Soldiers are getting a chance to evaluate and train with a new armored turret system for the Armored Multi-Purpose Vehicle, the latest U.S. Army platform within the high-priority Next Generation Combat Vehicle modernization program. The new Objective Commander’s Weapon Station integrates with all five variants of the AMPV: a general-purpose vehicle, mission command vehicle, mortar carrier, medical evacuation and medical treatment vehicles. The AMPV is currently in low-rate production. The OCWS system, which addresses the ongoing need to develop advanced armor protection and capabilities for Soldiers, is part of the broad sweep of modernization efforts within the U.S. Army. The advanced protection kit has a new armor alloy and a titanium hatch design.
“The OCWS is definitely one of our more sophisticated turret systems. The AMPV was developed to operate on the front lines of the battlefield, and our team had to accommodate the challenging requirements associated with that,” said Thomas Kiel, who leads the engineering activity for U.S. Army and U.S. Marine Corps armored and tactical vehicle turrets within the DEVCOM Armaments Center Force Protection team.
“Our initial prototype was integrated with the vehicle at the test site for a formal user evaluation,” said Narayan Bhagavatula, Program Lead for Gunner Protection Systems within Program Manager Soldier Lethality, also located at Picatinny Arsenal.
The OCWS turret protects the vehicle commander, who operates as the gunner on the top side of the vehicle. Essential features include periscopes, motorized rotation and a spacious interior that allows the gunner to perform complex missions under protection. The weapon mount on the system gives the gunner full access to the suite of crew served weapons, providing a range of firepower options. The OCWS was developed and prototyped by engineers at the U.S. Army Combat Capabilities Development Command Armaments Center at Picatinny Arsenal, New Jersey. The Armaments Center reports to the U.S. Army Combat Capabilities Development Command, which is part of Army Futures Command.
At the Soldier-centered event, the turret team gathers all comments and recommendations from Soldiers and incorporates them into the design. Engineering analysis of the updated computer models follows each design change. In collaboration with Rowan University in Glassboro, New Jersey, the Armaments Center is acquiring new simulation technologies and toolsets that make it possible to evaluate the overall effectiveness of new weapon systems through fully immersive environments. The AMPV with OCWS has undergone reliability, availability, and maintainability testing at Yuma Proving Ground, Arizona, as well as live-fire testing at Aberdeen Proving Ground, Maryland.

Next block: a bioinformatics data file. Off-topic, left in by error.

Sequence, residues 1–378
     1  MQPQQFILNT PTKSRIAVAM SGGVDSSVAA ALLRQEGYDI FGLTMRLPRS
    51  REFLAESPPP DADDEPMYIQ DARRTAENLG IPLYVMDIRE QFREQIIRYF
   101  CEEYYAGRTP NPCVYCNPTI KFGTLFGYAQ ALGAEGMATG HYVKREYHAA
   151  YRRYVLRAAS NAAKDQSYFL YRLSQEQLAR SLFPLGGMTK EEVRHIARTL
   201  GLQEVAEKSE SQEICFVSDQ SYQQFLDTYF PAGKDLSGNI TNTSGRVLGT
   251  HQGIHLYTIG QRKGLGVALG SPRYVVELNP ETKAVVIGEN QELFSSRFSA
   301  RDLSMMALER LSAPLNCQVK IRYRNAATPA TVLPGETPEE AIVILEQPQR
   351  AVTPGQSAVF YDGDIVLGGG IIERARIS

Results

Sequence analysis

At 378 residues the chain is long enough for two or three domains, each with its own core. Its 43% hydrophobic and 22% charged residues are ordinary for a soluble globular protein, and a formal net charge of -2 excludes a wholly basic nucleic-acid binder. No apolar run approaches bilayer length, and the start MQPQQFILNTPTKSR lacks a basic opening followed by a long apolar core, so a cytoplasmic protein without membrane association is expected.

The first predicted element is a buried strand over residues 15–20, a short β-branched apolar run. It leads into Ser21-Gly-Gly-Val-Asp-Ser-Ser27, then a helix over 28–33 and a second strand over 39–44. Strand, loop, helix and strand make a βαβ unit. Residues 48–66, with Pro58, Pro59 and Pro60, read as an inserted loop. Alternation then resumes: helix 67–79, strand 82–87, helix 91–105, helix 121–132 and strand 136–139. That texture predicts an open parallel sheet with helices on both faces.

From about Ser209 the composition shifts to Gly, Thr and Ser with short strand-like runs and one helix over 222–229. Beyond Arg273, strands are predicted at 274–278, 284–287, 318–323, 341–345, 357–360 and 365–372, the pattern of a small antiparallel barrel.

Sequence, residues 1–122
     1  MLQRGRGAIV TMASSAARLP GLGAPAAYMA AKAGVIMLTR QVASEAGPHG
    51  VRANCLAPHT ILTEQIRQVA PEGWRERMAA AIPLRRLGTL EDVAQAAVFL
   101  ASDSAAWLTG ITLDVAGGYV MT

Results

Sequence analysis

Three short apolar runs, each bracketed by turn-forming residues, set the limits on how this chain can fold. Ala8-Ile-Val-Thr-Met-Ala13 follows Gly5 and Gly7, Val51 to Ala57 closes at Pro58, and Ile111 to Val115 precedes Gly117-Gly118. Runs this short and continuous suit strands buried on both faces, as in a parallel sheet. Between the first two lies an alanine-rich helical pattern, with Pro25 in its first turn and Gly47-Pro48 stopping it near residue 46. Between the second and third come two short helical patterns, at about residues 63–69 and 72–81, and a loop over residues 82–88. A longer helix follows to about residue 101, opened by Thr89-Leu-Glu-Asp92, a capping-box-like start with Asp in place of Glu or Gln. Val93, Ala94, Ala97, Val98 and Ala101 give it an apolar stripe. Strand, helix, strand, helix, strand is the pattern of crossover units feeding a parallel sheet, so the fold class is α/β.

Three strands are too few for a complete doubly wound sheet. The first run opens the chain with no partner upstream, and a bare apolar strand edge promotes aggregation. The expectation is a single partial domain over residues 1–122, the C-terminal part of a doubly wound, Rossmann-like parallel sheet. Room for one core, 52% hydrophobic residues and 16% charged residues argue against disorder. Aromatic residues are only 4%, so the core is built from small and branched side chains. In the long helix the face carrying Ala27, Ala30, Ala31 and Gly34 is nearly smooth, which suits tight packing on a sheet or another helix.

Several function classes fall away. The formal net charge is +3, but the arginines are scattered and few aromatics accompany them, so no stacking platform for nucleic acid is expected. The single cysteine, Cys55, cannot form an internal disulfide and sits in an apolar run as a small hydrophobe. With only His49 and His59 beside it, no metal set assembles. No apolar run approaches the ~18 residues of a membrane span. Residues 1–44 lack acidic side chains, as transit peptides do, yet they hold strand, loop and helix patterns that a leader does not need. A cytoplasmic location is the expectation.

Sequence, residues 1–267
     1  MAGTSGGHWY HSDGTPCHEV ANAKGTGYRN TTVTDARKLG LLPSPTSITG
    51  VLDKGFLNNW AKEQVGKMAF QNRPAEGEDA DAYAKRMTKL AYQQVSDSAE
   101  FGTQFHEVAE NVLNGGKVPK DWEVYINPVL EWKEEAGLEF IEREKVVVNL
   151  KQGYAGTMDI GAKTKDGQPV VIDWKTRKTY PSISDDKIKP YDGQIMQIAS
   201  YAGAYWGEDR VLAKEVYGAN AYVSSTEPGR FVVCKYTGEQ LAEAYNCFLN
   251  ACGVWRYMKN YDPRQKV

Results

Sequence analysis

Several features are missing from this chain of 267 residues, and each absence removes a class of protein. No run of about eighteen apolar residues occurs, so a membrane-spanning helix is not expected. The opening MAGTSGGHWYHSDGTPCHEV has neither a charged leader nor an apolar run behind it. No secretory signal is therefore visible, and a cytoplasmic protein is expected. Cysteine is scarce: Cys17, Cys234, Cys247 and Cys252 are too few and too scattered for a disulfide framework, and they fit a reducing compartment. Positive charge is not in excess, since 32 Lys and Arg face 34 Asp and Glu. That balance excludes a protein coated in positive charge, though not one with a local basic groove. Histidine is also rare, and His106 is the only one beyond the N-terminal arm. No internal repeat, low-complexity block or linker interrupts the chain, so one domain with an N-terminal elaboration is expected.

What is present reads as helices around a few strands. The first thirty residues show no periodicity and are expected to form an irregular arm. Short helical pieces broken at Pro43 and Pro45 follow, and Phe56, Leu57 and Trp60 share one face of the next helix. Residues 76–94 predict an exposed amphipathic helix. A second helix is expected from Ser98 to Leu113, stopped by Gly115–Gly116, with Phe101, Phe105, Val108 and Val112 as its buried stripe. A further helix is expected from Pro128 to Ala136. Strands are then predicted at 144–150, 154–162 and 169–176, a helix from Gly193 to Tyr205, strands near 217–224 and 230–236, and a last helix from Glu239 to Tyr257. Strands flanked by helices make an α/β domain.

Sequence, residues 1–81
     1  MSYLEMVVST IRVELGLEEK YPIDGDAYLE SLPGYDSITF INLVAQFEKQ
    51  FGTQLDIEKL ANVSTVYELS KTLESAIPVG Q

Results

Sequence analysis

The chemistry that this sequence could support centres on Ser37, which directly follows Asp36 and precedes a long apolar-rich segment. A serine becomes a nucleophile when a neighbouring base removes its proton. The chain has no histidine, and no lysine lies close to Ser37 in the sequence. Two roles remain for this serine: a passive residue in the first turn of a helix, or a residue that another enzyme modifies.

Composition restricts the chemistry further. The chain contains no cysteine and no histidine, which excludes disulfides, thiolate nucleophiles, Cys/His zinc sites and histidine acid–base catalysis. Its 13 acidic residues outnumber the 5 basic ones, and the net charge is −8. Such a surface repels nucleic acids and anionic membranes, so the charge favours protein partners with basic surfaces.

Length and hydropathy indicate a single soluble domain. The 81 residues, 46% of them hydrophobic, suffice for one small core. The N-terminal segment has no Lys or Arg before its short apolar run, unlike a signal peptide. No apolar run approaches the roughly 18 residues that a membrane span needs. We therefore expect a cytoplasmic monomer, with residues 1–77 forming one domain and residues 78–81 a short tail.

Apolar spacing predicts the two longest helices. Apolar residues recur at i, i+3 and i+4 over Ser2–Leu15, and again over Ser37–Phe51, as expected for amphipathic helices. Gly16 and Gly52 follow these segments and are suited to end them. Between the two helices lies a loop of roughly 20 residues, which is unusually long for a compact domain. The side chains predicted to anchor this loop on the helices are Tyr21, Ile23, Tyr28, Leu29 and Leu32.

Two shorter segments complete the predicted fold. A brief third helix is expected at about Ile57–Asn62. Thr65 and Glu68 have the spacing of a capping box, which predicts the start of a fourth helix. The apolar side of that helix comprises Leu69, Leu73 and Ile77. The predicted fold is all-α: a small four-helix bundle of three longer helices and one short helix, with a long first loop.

The Armored Multi-Purpose Vehicle (AMPV) is a U.S. Army program to replace the M113 armored personnel carrier and family of vehicles. AMPV is a sub-project of the Next Generation Combat Vehicle program. In 2014, the U.S. Army selected BAE Systems’ proposal of a turretless variant of the Bradley Fighting Vehicle to replace over 2800 M113s in service. As of 2013, five variants of the AMPV are planned: M1283 General Purpose (522 planned), M1284 Medical Evacuation Vehicle (790 planned), M1285 Medical Treatment Vehicle (216 planned) and M1286 Mission Command (993 planned). As of 2015 the program was scheduled to deliver 2,897 vehicles at a total cost of $10.723 billion, or $3.7 million per vehicle. The first AMPV prototype was rolled out in December 2016, and the first production vehicles began rolling out in September 2020.
The DEVCOM Armaments Center has the lead within the DOD in the development of Tactical Vehicle Turret Systems. More than 50,000 systems have been fielded on a variety of platforms, including the Humvee, Mine Resistant Ambush Protected Vehicles, the MRAP All-Terrain Vehicle and others. Objective Gunner Protection Kit Turrets are standard for the Joint Light Tactical Vehicle. At least 14 patents have been issued related to the development of turret systems, including three that were selected as Army’s Greatest Inventions. AGI awards are considered somewhat of a “Soldier’s Choice Award” because nominations are judged by a panel of noncommissioned officers with recent combat experience as well as practical, hands-on experience.